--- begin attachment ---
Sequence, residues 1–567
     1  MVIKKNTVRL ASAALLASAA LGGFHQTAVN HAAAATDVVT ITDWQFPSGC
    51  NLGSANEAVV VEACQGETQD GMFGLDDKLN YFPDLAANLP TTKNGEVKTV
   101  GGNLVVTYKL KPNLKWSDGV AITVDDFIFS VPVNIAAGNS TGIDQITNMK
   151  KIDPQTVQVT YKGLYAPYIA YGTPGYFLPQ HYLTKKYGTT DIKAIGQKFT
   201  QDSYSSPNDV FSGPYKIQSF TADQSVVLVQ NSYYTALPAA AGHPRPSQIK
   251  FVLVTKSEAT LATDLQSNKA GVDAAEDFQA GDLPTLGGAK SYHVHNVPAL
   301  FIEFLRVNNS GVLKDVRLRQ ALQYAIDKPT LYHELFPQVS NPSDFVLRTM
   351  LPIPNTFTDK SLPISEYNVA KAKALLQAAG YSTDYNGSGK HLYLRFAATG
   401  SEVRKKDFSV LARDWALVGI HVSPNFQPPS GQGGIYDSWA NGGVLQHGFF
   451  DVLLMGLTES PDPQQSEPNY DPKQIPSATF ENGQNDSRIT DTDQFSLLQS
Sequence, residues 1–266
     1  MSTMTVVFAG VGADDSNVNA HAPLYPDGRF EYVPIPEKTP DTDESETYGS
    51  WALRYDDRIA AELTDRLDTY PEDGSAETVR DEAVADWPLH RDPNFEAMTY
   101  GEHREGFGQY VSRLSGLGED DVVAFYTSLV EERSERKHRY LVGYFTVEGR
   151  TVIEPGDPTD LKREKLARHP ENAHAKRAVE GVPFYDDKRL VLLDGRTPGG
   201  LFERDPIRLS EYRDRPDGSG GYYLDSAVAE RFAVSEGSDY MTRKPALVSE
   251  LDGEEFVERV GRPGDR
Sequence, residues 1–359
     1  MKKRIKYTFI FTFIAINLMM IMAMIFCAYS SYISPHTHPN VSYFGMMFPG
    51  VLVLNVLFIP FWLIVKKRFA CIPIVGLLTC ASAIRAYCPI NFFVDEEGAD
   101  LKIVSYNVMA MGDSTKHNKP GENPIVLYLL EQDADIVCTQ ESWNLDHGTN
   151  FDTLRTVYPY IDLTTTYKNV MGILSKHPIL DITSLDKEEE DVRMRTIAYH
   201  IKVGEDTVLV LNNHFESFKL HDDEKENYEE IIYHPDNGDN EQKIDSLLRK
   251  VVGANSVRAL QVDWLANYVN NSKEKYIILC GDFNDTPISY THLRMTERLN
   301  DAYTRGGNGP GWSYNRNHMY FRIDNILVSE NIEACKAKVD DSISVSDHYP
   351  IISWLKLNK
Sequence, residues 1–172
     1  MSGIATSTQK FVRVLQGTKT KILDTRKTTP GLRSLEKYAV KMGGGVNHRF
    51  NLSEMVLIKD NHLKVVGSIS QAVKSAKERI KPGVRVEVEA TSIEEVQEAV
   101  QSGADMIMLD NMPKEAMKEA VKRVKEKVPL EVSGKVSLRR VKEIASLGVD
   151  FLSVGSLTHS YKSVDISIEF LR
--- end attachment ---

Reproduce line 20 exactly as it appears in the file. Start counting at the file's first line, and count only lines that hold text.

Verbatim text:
     1  MKKRIKYTFI FTFIAINLMM IMAMIFCAYS SYISPHTHPN VSYFGMMFPG